Associate New York Theatre Critic
Kenneth (Richard Armitage) and Sandra (Amy Ryan) are 19 when they meet in 1967, in a small London flat of Henry (Alex Hurt), Kenneth’s older brother. Sandra quickly forgets that she is on a date with an “old and conventional” Henry, and finds that she has much more in common with the Rock and Roll and marijuana loving Kenny. But most importantly, he immediately supports Sandra’s desire to run away and to never stop enjoying the summer of love and freedom.
But much like the seasons change, people’s lives move on. In act two, we see Kenneth and Sandra spending the autumn days of their love in a spacious house expensively furnished and decorated with paintings, in the company of the fruit of their marriage, Jamie (Ben Rosenfield) and Rose (Zoe Kazan). What else can one dream about? Yet restless husband and wife fight at their daughter’s birthday causing much pain to their children and much laughter to the audience.
Playwright, Mike Bartlett, doesn’t hold back his sarcasm aimed toward each of the characters. In “Love, Love, Love” he shows the family members with all their flaws, all their suppressed and voiced desires. In a three-act show we get to see how free-spirited children of the 60s transformed into money making self-involved adults, and how parenting and relationship decisions backfire at Kenneth and Sandra.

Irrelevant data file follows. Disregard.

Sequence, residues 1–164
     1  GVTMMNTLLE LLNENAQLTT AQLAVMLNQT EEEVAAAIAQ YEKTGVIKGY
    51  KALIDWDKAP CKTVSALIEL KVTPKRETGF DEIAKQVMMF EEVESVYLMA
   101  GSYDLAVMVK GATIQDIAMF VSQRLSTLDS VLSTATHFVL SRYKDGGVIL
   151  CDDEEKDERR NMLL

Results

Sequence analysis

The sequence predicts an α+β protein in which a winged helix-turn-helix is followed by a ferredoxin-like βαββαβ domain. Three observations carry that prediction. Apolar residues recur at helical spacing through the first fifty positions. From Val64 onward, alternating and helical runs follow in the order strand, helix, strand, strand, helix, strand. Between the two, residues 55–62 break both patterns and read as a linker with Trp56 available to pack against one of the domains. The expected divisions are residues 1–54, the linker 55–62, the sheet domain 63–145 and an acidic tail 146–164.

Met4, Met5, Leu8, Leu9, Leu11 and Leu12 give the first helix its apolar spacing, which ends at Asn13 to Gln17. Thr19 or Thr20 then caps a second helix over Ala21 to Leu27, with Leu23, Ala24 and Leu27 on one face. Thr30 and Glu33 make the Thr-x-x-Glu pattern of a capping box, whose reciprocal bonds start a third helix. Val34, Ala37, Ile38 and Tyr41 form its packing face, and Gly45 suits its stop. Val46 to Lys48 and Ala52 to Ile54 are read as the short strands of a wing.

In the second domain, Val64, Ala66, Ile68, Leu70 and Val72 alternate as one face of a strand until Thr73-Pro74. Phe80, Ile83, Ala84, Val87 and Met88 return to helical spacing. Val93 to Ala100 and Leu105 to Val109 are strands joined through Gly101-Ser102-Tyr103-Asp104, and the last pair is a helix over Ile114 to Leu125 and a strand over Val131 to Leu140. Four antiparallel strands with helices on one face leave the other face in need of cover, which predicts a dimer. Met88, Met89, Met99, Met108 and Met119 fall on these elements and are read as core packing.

Directed by Michael Mayer, the talented actors bring out dynamic and enjoyable performances. Amy Ryan is impressive in covering a person’s lifetime; with ease she plays a 19-year old, 43-year old and 63-year old Sandra. Zoe Kazan is equally memorable as both teenager and as a 37-year old woman. Both female characters are pushing the story forward and are more outspoken, where Kenneth and Jamie, father and son, are more like followers. With that said, both Richard Armitage and Ben Rosenfield make a great father-son team, supporting of each other but dysfunctional in the third act of the play.
“Love, Love, Love” is a story about generational differences shown through one nuclear family. Much of the comedic effect comes from the difference between parents and children, with parents jokingly dancing through life and the kids’ lives filled with drama. Mike Bartlett raises some very down-to-earth questions: how much freedom should parents give to their children, how open should they be about their relationship in front of them? Should parents sacrifice everything for the well being of their kids? These bitter questions about life come sugarcoated in a smart and fast-moving comedy, which makes them easy to swallow and take some time to digest after the show.
‘Love, Love, Love’ runs through December 18th in Roundabout at Laura Pels Theatre at 111 West 46th st, New York. For more information on the Roundabout Theatre Company and tickets visit: http://www.roundabouttheatre.org/Shows-Events/Love-Love-Love.aspx Photo: Joan Marcus